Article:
Zigzag turning preference of freely crawling cells

Taeseokniel Da Yang, Jin Sung Park, Youngwoon Choi, Wonshik Choi, Tae Wook Ko, Kyoung J. Lee

Research output: Contribution to journalArticle

16 Citations (Scopus)

Abstract

The coordinated motion of a cell is fundamental to many important biological processes such as development, wound healing, and phagocytosis. For eukaryotic cells, such as amoebae or animal cells, the cell motility is based on crawling and involves a complex set of internal biochemical events. A recent study reported very interesting crawling behavior of single cell amoeba: in the absence of an external cue, free amoebae move randomly with a noisy, yet, discernible sequence of 'run-and-turns' analogous to the 'run-and-tumbles' of swimming bacteria. Interestingly, amoeboid trajectories favor zigzag turns. In other words, the cells bias their crawling by making a turn in the opposite direction to a previous turn. This property enhances the long range directional persistence of the moving trajectories. This study proposes that such a zigzag crawling behavior can be a general property of any crawling cells by demonstrating that 1) microglia, which are the immune cells of the brain, and 2) a simple rule-based model cell, which incorporates the actual biochemistry and mechanics behind cell crawling, both exhibit similar type of crawling behavior. Almost all legged animals walk by alternating their feet. Similarly, all crawling cells appear to move forward by alternating the direction of their movement, even though the regularity and degree of zigzag preference vary from one type to the other.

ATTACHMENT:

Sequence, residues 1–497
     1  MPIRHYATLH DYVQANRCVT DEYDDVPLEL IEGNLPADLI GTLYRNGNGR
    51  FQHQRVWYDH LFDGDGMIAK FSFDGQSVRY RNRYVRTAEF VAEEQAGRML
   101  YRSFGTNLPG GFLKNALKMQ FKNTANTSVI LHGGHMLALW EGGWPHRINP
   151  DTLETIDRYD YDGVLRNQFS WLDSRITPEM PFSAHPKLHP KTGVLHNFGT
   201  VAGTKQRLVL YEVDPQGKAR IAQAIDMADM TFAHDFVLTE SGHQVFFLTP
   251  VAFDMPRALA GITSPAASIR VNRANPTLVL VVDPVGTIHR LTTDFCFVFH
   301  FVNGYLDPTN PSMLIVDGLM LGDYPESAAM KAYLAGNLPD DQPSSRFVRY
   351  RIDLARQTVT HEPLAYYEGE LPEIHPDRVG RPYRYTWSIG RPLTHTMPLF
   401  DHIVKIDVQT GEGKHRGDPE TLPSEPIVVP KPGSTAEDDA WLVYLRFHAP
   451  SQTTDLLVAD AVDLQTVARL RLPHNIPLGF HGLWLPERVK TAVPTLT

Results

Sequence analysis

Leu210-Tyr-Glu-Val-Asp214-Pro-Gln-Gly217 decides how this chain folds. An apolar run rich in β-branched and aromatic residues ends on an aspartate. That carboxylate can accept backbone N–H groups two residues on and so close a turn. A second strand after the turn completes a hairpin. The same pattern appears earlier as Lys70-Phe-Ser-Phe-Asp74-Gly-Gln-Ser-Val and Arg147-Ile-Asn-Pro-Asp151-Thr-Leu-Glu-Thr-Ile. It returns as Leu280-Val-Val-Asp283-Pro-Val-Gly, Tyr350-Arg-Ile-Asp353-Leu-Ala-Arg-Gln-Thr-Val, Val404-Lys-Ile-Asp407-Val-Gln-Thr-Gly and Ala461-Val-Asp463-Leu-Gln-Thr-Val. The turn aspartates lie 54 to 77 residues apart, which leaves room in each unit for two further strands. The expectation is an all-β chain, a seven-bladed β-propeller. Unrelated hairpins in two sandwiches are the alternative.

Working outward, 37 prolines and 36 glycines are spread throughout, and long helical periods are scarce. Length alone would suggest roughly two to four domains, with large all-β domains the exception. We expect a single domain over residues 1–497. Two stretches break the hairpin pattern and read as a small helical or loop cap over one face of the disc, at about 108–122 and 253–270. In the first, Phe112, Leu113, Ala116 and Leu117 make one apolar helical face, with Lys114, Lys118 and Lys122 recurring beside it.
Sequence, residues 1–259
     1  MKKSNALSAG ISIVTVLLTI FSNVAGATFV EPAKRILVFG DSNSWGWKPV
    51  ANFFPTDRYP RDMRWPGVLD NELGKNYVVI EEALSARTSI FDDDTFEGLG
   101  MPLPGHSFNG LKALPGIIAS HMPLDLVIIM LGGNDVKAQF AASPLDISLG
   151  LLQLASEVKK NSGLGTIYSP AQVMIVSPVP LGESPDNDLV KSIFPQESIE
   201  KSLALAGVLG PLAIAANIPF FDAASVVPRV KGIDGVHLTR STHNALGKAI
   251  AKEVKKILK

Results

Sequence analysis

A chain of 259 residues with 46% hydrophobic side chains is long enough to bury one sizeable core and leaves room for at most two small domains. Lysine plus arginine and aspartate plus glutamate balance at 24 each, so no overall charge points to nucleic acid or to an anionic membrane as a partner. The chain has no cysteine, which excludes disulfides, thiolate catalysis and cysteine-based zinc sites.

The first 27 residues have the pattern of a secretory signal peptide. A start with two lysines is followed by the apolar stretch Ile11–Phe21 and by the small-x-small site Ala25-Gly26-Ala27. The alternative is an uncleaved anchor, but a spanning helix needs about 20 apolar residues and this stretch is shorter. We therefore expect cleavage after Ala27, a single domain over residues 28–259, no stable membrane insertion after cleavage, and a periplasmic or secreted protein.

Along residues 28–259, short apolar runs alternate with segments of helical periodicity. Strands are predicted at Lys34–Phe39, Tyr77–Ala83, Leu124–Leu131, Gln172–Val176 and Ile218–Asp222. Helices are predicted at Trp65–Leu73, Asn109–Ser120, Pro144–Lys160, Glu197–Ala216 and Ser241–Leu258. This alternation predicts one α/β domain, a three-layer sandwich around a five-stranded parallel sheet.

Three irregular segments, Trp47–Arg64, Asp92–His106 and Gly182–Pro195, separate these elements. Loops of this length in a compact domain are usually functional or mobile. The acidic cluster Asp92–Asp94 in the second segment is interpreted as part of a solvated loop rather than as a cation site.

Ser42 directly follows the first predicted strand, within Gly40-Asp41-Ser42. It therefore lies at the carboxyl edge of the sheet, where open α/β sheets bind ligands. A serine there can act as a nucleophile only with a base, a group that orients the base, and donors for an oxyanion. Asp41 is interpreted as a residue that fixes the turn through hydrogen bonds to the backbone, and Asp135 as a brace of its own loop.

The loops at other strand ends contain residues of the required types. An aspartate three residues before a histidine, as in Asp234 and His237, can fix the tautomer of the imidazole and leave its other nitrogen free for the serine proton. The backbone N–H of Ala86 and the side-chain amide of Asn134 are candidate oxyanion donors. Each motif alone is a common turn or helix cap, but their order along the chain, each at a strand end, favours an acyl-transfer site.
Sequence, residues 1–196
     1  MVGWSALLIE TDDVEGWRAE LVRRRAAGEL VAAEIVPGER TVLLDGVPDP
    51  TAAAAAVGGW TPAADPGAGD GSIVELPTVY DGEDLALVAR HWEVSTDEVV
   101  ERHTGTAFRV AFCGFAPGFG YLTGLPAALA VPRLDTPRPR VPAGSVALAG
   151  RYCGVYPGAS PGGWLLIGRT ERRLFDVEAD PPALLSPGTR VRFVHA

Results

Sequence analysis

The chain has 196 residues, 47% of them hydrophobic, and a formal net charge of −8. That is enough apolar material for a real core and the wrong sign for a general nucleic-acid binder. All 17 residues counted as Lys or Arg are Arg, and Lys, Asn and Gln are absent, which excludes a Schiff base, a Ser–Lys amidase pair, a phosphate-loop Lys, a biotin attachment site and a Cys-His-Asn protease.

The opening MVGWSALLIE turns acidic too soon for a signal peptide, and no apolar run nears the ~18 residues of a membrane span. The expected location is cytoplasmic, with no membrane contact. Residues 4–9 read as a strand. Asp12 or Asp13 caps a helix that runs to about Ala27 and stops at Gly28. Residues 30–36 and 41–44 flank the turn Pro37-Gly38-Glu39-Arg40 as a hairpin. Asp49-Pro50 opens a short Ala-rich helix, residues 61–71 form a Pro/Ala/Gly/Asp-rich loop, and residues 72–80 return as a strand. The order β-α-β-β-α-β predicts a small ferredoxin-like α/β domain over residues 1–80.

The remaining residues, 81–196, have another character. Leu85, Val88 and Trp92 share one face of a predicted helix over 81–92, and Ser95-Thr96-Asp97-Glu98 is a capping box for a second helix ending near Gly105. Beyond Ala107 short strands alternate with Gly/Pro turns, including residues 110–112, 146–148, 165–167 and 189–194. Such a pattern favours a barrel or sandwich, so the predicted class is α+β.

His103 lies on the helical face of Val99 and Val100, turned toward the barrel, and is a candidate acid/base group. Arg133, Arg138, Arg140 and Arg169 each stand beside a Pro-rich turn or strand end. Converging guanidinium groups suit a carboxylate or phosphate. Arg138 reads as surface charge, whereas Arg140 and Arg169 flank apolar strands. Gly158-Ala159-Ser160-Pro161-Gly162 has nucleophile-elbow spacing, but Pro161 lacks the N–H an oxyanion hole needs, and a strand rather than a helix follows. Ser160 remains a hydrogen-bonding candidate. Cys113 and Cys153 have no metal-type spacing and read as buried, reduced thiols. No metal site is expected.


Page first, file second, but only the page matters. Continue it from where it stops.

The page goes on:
Original languageEnglish
Article numbere20255
JournalPloS one
Volume6
Issue number6
DOIs
Publication statusPublished - 2011

ASJC Scopus subject areas

  • Biochemistry, Genetics and Molecular Biology(all)
  • Agricultural and Biological Sciences(all)
  • General

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